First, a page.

I have never met an attorney who did not believe that he was perfectly capable of drafting legislation. This confidence may come from a mastery of the case law governing the subject matter of the ­proposed legislation. Or perhaps it derives from the attorney’s previous struggles with the ambiguities of a statutory scheme in the course of representing a client. Maybe it is simply because as lawyers we are trained from our earliest days in law school how to read, interpret and apply statutes to the most twisted set of facts our professors could come up with. Whatever the reason, we lawyers are a confident bunch when it comes to legislative drafting.  Continue Reading Five Tips for Successfully Drafting Pa. Legislation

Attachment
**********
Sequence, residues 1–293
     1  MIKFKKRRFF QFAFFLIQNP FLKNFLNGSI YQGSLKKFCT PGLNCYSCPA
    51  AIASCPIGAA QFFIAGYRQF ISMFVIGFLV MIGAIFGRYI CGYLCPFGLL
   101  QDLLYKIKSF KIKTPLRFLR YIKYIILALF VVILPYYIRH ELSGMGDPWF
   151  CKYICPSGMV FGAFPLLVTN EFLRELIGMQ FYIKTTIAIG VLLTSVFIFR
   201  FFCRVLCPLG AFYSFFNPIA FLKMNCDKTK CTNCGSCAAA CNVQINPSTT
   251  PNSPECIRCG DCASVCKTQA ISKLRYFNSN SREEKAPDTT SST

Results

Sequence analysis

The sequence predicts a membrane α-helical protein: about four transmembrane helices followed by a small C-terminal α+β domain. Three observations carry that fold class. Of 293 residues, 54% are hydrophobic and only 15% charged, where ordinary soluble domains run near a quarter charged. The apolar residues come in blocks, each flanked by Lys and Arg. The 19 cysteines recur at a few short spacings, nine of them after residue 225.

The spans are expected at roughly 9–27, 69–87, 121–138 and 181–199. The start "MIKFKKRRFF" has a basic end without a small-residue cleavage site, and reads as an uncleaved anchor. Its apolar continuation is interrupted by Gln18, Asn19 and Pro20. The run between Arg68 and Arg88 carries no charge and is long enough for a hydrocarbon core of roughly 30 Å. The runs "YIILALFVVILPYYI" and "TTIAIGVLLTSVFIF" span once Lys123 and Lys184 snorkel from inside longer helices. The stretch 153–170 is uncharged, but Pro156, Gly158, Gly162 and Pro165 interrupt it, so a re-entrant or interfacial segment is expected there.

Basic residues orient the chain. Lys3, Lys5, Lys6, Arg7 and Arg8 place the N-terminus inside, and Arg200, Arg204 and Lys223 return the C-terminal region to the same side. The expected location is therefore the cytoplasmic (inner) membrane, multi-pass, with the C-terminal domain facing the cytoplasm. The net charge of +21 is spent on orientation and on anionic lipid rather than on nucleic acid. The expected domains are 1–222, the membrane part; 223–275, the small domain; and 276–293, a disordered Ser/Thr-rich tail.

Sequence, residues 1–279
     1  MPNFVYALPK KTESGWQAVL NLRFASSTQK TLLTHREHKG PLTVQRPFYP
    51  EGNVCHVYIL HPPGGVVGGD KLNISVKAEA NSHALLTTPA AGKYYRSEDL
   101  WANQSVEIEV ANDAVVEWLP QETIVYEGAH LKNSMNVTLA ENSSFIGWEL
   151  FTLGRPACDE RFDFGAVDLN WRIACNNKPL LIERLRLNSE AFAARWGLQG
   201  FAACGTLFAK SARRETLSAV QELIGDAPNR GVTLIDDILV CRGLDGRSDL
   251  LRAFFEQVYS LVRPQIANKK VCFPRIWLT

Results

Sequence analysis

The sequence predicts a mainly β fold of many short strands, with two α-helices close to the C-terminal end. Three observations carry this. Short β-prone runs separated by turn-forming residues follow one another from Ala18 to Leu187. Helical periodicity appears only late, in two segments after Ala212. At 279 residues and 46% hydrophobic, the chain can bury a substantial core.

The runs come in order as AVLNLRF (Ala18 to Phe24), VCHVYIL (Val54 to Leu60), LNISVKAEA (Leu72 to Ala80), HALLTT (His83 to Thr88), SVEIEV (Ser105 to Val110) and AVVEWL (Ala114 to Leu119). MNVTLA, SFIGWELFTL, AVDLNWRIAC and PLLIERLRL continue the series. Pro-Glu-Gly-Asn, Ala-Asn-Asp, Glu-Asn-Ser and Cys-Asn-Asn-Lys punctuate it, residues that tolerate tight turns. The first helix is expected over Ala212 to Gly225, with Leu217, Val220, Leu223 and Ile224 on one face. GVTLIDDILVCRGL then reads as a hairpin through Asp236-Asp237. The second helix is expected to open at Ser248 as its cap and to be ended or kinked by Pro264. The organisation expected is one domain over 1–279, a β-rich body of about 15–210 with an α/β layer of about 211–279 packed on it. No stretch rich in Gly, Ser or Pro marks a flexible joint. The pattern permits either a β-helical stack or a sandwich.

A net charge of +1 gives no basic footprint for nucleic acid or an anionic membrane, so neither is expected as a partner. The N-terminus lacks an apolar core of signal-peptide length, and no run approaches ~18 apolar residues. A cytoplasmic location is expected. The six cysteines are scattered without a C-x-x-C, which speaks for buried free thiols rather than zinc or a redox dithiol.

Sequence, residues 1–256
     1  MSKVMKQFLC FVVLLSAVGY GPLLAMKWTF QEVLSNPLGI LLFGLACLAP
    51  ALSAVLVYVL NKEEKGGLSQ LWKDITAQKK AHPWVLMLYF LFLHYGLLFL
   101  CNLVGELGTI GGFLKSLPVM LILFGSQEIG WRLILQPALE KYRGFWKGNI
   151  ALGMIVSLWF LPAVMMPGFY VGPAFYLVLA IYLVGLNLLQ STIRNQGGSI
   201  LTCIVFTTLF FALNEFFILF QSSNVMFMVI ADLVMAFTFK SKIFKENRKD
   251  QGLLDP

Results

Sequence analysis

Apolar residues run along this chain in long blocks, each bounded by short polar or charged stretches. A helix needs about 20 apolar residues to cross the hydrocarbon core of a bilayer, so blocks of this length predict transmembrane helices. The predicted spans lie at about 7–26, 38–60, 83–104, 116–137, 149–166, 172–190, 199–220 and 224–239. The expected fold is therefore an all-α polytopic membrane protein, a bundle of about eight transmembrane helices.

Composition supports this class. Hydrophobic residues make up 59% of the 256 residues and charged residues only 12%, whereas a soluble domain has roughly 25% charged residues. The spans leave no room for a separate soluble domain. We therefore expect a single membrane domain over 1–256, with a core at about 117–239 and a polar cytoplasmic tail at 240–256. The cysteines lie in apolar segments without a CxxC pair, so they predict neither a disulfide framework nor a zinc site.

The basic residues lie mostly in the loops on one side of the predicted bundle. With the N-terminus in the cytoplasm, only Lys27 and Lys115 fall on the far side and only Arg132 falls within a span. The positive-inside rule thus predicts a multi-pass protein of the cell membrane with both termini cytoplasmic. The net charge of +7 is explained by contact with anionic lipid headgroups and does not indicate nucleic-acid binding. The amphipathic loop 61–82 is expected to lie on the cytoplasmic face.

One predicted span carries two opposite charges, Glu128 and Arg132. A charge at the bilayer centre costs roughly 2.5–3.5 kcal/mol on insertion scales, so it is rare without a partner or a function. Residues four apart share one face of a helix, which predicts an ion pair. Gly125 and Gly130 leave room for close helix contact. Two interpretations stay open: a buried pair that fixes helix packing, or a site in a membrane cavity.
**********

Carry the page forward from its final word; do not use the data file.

As we suggested in our February 2017 blog post, the future of Title IX application in our institutions is in flux. The Department of Education Office for Civil Rights rescinded the Obama era 2011 Dear Colleague Letter and 2014 Guidance on September 22, 2017. These guidelines placed certain procedural requirements on investigations of sexual misconduct allegations conducted by postsecondary institutions receiving federal funding. The Department of Education (“DOE”) stated that the policy requirements in these documents led to procedures that did not adequately protect the rights of the students accused of sexual misconduct. Specifically, the DOE criticized these guidelines for: requiring a preponderance of the evidence standard, requiring Universities with appeal processes to allow accusers to appeal “not guilty” outcomes, discouraging Universities from allowing cross-examinations by the parties, prohibiting the Universities from relying on law enforcement investigation reports, and requiring Universities to employ an expedited timeline for investigations. Therefore, the DOE stated it is currently in the process of developing new regulations that it will issue for public comment by all stakeholders. Until more formal regulations are adopted, schools are to follow the Q&A issued on September 22, 2017.  Continue Reading DOE Announces Intention to Revise Title IX Campus Sexual Misconduct Investigation Requirements